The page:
We hug the canyon walls as we descend down the Crooked River. Fully tucked, teary eyed, the descent is fucking amazing. We pour out onto rolling roads with the Crooked River to our left and towering Canyon walls to the right. The river runs a 125 miles long and is a tributary to the Deschutes River. Its a short push to Prineville.

[portfolio_slideshow id=4549 width=1200]

Call it a coincidence, call it fate; I rather believe it was our destiny to eat at yet another place called Brothers. Yesterday it was Brothers Stagecoach Stop and Cafe and today would be breakfast at Brothers Restaurant in Central Oregon. Coffee and the best Chicken Fried Steak I’ve ever fucking had. Enough said.

[portfolio_slideshow id=4555 width=1200]

It’s a long paved climb into the Ochoco National Forest. My knees crack and I tell everyone to push on. I climb in silence. It’s beautiful here. Alone with thought. Alone with the dizzying pain each pedal stroke makes. I push on and thankful for the friends that await for me at the top. It’s always worth it. Always. The descent through the Ochoco National Forest was good; really fucking good.

[portfolio_slideshow id=4565 width=1200]

It’s our first time that we’ve had to filter water on this trip. It’s exciting and I don’t know why.

[portfolio_slideshow id=4570 width=1200]

I’ve been looking forward to this section of the Outback. River Crossings and incredible remote roads that traverse through ranch lands on the edge of the Ochoco National Forest. This feels like Bikepacking.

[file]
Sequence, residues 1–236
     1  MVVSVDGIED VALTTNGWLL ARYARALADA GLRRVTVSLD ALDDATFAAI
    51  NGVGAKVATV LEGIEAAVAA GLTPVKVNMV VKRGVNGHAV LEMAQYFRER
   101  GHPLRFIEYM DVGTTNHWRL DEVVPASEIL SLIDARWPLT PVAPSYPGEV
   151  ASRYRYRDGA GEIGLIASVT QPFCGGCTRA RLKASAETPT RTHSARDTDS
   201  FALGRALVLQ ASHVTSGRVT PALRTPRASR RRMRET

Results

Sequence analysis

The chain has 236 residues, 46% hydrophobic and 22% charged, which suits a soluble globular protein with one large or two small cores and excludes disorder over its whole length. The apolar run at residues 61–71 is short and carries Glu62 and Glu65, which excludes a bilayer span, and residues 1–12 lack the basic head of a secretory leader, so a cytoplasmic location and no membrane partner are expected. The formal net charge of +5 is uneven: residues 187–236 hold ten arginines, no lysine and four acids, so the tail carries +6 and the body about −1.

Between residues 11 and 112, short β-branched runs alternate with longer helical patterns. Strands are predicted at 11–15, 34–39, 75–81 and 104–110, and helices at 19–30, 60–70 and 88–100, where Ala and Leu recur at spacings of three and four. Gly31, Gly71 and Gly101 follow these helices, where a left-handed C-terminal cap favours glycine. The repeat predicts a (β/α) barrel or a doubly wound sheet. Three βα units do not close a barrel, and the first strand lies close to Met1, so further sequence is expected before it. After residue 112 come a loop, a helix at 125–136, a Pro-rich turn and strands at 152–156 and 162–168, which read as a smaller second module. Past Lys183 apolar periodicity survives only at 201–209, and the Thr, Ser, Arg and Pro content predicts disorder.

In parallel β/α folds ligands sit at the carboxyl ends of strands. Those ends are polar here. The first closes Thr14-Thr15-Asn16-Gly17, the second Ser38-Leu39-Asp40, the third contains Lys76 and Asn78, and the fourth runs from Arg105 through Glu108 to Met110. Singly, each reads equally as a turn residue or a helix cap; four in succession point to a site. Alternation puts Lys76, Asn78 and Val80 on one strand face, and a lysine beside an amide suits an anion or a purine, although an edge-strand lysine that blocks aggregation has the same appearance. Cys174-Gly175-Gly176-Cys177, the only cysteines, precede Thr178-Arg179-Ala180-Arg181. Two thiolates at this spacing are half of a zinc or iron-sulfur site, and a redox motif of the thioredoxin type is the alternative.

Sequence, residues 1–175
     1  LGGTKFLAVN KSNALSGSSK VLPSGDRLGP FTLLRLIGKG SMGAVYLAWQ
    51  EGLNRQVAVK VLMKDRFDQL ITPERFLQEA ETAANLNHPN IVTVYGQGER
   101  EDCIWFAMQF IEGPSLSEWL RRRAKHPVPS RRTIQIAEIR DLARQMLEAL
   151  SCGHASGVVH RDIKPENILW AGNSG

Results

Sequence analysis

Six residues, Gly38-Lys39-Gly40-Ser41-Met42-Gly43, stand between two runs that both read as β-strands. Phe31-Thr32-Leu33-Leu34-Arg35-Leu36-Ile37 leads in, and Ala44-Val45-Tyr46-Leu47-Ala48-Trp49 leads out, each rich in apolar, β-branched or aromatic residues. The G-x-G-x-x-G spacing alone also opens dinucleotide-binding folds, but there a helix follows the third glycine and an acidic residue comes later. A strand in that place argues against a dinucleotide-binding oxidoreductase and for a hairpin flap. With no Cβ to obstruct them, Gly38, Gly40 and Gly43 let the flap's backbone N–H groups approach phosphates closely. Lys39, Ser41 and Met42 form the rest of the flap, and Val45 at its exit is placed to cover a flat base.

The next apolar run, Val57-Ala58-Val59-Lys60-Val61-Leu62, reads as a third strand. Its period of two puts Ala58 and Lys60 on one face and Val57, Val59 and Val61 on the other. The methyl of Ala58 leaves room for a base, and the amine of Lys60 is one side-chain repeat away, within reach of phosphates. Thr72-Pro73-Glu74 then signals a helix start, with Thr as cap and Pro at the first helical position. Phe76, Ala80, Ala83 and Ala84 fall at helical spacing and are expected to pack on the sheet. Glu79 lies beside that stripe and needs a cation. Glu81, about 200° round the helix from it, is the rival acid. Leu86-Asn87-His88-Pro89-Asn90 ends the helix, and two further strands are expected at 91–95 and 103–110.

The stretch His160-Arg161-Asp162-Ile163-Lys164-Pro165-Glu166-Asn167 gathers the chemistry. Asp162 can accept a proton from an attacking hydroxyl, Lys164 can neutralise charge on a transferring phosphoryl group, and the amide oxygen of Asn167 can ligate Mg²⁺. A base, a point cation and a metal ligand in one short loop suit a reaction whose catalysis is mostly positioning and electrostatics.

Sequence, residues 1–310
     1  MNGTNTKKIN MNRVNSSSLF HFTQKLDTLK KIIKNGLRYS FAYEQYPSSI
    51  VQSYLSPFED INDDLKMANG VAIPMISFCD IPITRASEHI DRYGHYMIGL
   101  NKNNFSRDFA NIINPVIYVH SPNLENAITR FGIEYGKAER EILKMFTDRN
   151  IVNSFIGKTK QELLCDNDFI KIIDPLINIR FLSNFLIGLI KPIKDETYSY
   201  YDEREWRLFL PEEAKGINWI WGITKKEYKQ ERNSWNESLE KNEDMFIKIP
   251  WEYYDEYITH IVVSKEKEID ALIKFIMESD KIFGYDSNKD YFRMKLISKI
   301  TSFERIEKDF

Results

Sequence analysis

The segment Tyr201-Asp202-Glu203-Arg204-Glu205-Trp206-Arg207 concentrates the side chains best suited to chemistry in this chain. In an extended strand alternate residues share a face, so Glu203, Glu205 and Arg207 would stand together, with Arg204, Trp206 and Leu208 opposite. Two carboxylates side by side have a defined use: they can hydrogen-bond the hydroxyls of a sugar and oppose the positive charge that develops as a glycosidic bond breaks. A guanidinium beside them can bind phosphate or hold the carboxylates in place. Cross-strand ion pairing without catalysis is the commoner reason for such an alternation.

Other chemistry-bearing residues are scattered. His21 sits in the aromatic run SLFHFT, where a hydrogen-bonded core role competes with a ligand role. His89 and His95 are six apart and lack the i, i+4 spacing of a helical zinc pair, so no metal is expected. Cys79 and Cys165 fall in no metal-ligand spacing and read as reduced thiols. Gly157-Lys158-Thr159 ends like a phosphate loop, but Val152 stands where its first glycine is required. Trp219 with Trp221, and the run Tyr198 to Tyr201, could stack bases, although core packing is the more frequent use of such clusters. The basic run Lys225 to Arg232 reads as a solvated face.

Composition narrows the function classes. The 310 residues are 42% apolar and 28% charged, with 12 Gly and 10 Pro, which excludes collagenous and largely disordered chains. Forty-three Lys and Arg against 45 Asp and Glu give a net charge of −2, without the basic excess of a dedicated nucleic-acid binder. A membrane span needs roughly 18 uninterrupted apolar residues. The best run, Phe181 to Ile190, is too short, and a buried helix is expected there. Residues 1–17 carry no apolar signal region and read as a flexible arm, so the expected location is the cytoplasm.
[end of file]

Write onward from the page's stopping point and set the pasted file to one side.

My knee hurts so I pedal off the front to give myself ahead start. I approach the first creek crossing. There is a group of cyclists on the other side cheering me on. “Stay to the left. Stay to the left.” I stay to the left. My cadence is high as I cross the rocky creek bed. My feet are soaked and I am properly doused in water. I am smiling. I must be smiling. Fuck. This is so good!

Theres a few more creek crossings. The last one is deep. Dave almost makes it but pinch flats. I dip my cap in the ice cold water while we wait in the hot Oregon sun.

We descend. My front wheel hits a pot hole. I am going fast. I am loosing air and my front wheel is feeling really soft. I corner and my wheel sends me out of control. I panic knowing that I could be going down hard on this fast gravel descent. I have one foot out and carefully apply the brakes in hopes to not skid out. I loose control and point my bike towards a ditch. I feel lucky to walk away.

[portfolio_slideshow id=4579 width=1200]

After I fix my flat we regroup at what looks like an abandoned church. There is still a lot of riding to do. My legs are tired. We fill our bottles in someones yard and push forward. We’re climbing. The road is steep and the gravel is loose. I crack. The sun is really intense, sweat stings my eyes. My legs will not turn the pedals. I walk up the rest. Frustrated; I look down to realize I had been in the big ring the entire time. Fuck. Back in the smaller ring John and I decide to go at a more sustainable pace.

[portfolio_slideshow id=4590 width=1200]

It’s the final stretch to Shaniko. We’re on pavement now and it feels really good. The climb into town seems to go on forever. We’re buried deep in our own thoughts. The sun is setting and the light is incredible. Such an amazing and tough day on the bicycle. It’s rare to live in the moment these days. Setting up camp I come to realize what that truly means. We’re in the moment now and thats something I will now forever search for.